Oh, No! More Snow!

Parts of the Metroplex see 6 to 7 inches of snow


To the dismay of North Texans weary of icy roads, snow began falling late Thursday night, covering the area's highways.

Forecasts Thursday had called for dry, powdery snow that was expected to blow off the roads. But instead, up to 6 inches of thick snow began falling early Friday morning across the Metroplex.

By 4:30 a.m., Dallas Love Field reported 5 inches of snow, and heavy snow was still falling in the east end of the Metroplex.

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By 10:30 a.m., Arlington had seen 5 inches of snow, McKinney reported 6 inches, Plano had 4.8 inches and Foreny saw a whopping 7 inches of snow.

Dallas/Fort Worth International Airport got off relatively lightly, with only 2.6 inches of snow. Fort Worth averaged 4 inches and areas to the east of Dallas racked up 6 to 7 inches.

Drivers Beware

Snow on the roadways melted when the sun came out later Friday, but North Texas roads are icy for the fourth night in a row as the slush refroze.

Aerial views of Interstate 30 around Grand Prairie and Dallas during the evening commute showed slow-moving traffic and plenty of crashes.

The snow led to earlier traffic woes across the Metroplex during the morning commute.

The snow began accumulating on the ground shortly before midnight in Fort Worth, covering up the icy patches still dotting city streets

Early Friday morning, Texas Department of Transportation cameras showed snow blanketing highways, including ramps at State Highways 360 and 183 near DFW Airport, the High Five and the Mixmaster.

Shortly after 5 a.m., Val Lopez of TxDOT said snowplows had plowed parts of Interstate 30 and Highways 121 and 360 in Tarrant County.

When asked what roads TxDOT is prioritizing, Lopez said crews were focusing on the "most heavily traveled" roads. He said that Super Bowl planners expected most Super Bowl visitors to be in North Texas by Thursday, so the area likely has 100,000 people who may be driving in addition to residents.

TxDOT brought in additional snowplows from the Panhandle later Friday. The state agency also said it was adding more salt into the sand mix its sand trucks are using.

Flights in Path of Winter Storm

Dallas Love Field shut down to commercial flights Friday morning because of snow on the runways.

A runway for Southwest opened at noon, and the second runway reopened at 4:30 p.m.

American Airlines and American Eagle canceled more than 300 flights that were supposed to land at DFW Airport.

American said it was doing all it could to ensure football fans make it to the Metroplex. An airline spokesman said American added 12 extra flights from Pittsburgh and airports near Green Bay, Wisc., for people traveling to the game.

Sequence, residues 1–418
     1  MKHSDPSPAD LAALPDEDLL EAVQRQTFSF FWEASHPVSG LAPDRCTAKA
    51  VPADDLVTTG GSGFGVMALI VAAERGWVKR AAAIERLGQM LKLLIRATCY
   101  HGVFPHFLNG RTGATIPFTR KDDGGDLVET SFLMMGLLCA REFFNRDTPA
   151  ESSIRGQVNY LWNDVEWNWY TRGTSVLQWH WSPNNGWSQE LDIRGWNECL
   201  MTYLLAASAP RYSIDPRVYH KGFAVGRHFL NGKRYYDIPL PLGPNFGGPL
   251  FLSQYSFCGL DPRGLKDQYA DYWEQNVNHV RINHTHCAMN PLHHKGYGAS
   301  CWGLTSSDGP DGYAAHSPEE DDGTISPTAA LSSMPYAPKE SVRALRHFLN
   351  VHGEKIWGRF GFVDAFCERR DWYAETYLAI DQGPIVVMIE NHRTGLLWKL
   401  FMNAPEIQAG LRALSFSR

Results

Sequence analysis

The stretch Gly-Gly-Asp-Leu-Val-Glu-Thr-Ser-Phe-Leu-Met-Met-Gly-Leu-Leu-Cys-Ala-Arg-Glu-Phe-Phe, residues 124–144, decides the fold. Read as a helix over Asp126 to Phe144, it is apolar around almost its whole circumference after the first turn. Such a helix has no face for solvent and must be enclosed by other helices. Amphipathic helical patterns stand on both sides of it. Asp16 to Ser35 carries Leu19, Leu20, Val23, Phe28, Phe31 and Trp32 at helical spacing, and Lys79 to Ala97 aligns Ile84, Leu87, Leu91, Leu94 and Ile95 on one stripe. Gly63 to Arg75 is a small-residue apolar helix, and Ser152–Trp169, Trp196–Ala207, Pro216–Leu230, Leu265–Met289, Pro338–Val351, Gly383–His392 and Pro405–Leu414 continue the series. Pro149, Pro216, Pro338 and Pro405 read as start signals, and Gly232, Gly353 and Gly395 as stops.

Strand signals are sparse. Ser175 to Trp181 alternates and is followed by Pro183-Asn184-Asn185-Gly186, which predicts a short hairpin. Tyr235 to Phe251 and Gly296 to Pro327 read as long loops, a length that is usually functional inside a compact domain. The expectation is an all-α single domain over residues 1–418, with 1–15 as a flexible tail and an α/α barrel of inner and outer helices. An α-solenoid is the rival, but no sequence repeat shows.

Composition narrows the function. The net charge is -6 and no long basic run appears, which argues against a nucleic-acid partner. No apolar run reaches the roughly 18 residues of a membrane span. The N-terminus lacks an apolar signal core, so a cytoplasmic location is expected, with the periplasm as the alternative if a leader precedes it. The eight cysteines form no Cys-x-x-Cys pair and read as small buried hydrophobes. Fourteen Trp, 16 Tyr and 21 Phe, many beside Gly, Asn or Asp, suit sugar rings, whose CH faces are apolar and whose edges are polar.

Both airline officials suggest checking with your airline for changes in flights before heading to the airport.

DFW Airport said 600 flights were delayed or canceled.

Transit Systems Affected

Dallas Area Rapid Transit warned rail customers early Friday morning that they should prepare for delays of 30 minutes or more because of accumulated snow on switches.

The agency said it operated trains overnight to keep the overhead power lines clear.

DART buses ran as road conditions allowed. TRE also experienced 20 to 30 minute delays Friday morning.

The T's buses are also operating today, though delays are expected and some routes where roads are impossible may have their stops bypassed.

Another Winter Blow

The heavy snow couldn't come at a worse time. North Texas is still recovering from an ice storm earlier this week and expecting a rush of visitors for the Super Bowl, which will be played on Sunday.

Many schools had already canceled classes for Friday in advance of the snow. Temperatures are not expected to rise above freezing until Saturday, and ice still covered many side streets Thursday.

The Texas Department of Transportation said earlier Thursday that it was watching the weather carefully and was prepared for more of the white stuff.

But while major freeways near Cowboys Stadium were relatively free of ice Thursday, other highways were still slick.

Chill Extends to More Texans

The University of Texas at Austin, with about 51,000 students, canceled classes Friday amid snowy conditions. Austin's public schools also closed.

Icy conditions in Corpus Christi closed schools. Freezing temperatures reached Brownsville, where classes were canceled.

Houston, the state's largest district with more than 200,000 students, called off classes, as did San Antonio, El Paso and Tyler.


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